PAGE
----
To figure out if I scientifically have what it takes to be a runner, I need to get my mouth around a couple of tongue twisters.
Firstly, anthropometric testing, is one way of predicting success in a particular sport. And kinanthropometry is the study of the stuff we're made of - bone, muscle, soft tissue and fat.
Through anthropometric measurement and analysis it is possible to compare yourself with the best athletes in the world or, if you show talent across a range of sports, identify the sport that most suits your body type.
Olympic rower Rob Waddell used anthropometric testing before deciding to take a break from rowing to work as a grinder on the Team New Zealand America's Cup yachts.
AUT University has recently opened the J.E. Lindsay Carter Kinanthropometry Clinic at its Millennium site on the North Shore. It is a sister site to the laboratory at AUT's Akoranga campus that determined Waddell could convert his powerful rower's physique into a brawny grinder.
While the new clinic is focussed on monitoring elite sportspeople it is, as per the philosophy of the Millennium facility, open to the public.
Clinic director Professor Patria Hume says the aim of the clinic is to provide information to athletes on their body composition to help improve performance and reduce injuries.
Namesake Lindsay Carter, a New Zealander who has based himself in the United States for most of his academic career, has donated 60 years worth of historic testing equipment and research to form an archive at the clinic.
Carter is the father of kinanthropometry, says Hume, and his involvement and donation has seen the AUT facilities recognised internationally.
At its simplest the testing involves nothing more complex than a set of skin fold callipers, tape measure and scales - technology that has been in use for anthropometric testing for more than half a century. These tools have been joined more recently by MRI, CT and ultrasound scanning. There is literally nowhere to hide for athletes who might have been letting the routine slip.
To get some answers on whether I was born to run I subjected myself to some poking, prodding and pinching at the clinic. The basic analysis conducted by deputy director Kelly Sheerin showed I was boringly normal. The skin fold tests reveal my body fat to be 19 per cent, which seemed high to my untrained eye but was in the normal range. So too was a body mass index (BMI) of 23.3. The BMI measure is fallible in that heavy but muscular athletes like the All Blacks are defined as obese but at a regular population level it is a useful measure, says Sheerin, and a high BMI is a strong predictor of cardiovascular disease risk.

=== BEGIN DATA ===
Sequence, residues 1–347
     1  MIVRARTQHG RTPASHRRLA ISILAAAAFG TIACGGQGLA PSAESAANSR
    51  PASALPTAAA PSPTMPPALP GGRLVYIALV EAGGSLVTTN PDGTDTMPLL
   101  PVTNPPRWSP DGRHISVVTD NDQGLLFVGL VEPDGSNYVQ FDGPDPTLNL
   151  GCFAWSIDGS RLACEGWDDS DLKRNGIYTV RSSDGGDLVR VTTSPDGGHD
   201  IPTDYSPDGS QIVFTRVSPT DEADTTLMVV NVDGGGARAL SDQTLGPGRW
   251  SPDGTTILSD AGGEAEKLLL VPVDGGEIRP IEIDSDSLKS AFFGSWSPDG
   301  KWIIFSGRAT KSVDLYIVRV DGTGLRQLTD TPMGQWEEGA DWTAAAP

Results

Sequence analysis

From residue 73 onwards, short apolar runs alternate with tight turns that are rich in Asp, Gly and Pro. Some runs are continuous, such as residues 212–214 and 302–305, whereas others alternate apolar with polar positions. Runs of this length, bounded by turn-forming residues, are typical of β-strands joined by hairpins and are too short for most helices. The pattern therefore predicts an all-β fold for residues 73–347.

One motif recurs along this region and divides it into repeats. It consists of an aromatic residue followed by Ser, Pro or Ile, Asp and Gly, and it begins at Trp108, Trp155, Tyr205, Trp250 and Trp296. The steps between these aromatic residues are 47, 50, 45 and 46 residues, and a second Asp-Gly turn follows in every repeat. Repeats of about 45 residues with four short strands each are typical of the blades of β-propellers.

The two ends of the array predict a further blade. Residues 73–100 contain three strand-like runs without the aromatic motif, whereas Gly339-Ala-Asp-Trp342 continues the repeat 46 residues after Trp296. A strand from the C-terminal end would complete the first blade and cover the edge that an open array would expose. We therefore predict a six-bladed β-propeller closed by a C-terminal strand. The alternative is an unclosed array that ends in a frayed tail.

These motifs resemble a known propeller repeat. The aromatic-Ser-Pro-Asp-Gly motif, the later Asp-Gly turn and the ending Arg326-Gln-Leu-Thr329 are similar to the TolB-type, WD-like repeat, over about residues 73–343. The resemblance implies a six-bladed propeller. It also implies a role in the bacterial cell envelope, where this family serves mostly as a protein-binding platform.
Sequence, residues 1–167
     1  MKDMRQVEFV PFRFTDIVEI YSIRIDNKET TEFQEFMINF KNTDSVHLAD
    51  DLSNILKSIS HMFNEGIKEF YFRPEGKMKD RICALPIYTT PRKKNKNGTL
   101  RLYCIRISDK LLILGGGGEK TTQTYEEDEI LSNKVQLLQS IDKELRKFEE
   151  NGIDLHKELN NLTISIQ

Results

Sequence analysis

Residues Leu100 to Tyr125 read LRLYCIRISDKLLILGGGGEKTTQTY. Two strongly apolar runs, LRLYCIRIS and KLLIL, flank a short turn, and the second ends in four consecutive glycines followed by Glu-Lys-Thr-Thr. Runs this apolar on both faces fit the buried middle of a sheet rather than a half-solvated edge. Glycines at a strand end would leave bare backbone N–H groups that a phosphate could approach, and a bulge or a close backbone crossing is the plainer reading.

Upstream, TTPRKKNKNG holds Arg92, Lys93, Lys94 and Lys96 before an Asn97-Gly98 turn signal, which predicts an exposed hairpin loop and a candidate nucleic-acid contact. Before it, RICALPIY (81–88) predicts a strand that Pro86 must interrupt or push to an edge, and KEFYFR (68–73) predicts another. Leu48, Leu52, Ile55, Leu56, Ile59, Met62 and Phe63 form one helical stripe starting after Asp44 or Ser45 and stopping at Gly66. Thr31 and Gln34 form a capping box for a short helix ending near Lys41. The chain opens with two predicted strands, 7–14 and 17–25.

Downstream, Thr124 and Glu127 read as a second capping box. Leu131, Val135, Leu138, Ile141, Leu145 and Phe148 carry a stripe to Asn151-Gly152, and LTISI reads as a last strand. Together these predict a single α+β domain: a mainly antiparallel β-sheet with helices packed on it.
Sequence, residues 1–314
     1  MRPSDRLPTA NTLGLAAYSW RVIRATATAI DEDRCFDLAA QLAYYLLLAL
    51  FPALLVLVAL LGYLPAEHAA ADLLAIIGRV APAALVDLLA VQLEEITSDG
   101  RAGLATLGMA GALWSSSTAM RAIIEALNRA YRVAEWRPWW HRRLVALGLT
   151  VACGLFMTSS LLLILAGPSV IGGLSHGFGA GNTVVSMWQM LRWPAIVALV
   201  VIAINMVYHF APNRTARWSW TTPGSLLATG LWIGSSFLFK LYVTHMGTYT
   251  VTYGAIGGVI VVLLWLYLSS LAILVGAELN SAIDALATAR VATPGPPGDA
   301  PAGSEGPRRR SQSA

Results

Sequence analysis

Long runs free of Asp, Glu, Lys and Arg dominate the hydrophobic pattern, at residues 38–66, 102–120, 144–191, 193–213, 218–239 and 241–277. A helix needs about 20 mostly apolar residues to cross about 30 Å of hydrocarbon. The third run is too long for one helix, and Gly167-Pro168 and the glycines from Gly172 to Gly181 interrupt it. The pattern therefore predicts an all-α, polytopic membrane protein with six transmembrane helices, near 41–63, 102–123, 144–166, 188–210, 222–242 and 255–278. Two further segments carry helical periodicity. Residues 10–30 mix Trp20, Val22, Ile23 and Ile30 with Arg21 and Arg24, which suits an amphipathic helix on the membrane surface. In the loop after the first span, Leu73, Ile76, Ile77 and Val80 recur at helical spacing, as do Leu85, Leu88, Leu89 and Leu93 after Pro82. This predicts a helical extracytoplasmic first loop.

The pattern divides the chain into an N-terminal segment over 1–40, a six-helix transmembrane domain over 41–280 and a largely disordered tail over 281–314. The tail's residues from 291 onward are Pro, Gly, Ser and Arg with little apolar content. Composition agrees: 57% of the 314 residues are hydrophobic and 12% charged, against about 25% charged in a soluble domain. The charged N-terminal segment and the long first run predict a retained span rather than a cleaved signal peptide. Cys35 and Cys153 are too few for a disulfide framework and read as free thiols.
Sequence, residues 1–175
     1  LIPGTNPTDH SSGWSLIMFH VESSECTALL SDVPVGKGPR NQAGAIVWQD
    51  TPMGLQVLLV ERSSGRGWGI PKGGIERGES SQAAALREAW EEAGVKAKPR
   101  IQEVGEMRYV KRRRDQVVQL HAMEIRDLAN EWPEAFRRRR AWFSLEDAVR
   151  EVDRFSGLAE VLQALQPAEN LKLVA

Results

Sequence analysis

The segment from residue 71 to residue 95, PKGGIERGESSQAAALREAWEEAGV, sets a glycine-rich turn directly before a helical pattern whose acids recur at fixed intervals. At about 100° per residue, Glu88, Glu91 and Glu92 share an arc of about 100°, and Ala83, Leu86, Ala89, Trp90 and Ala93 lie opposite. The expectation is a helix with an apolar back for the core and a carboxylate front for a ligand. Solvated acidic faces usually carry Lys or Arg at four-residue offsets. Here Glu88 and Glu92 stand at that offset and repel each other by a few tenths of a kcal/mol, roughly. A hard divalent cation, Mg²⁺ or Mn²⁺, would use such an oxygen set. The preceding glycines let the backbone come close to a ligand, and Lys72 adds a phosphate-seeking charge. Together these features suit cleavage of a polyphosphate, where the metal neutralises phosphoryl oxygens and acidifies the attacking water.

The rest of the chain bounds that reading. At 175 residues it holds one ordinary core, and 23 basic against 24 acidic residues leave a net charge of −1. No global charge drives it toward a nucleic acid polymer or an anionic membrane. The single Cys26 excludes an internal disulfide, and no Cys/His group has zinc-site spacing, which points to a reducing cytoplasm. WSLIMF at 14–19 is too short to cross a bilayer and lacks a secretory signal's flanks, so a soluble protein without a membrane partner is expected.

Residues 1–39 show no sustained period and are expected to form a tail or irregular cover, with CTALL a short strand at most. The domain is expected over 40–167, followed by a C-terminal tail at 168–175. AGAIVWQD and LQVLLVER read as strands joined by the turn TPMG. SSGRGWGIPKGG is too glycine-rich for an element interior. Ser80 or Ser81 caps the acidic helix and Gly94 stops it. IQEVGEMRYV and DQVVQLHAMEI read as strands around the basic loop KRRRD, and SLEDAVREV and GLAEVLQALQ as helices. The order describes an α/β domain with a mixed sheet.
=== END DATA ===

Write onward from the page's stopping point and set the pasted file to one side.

Finally there was an analysis of my body shape, or somatotype as it's known in anthropometric lingo. There are three somatotypes: endomorphic - rounded and fat; mesomorphic - muscular; and ectomorphic - linear and slim.
I'm mixture of endomorphic and mesomorphic. I have good muscle mass but there is room to become a little bit leaner if I wanted to improve my running performance, says Sheerin.
"For running, where you are directly moving your own body mass over a distance, having body mass that isn't actually functional, in terms that it is not muscle, is not desirable."
British marathon runner and women's world record holder Paula Radcliffe is considerably taller than her competitors but her lean, fine boned build - she's ectomorphic - allow her to get away with the height, says Sheerin.
"Running is one of those sports that to a certain extent takes all shapes and sizes."
And while in part our sporting potential is down to natural born body shape it is possible to modify the variables through strength training or diet.
In anthropomorphic terms, there is nothing to stop me becoming a good runner.
* Run five screaming kilometres dodging brain eating zombies at the Run For Your Freakn Life event at Spookers Haunted Attraction Scream Park in South Auckland, Sunday April 15.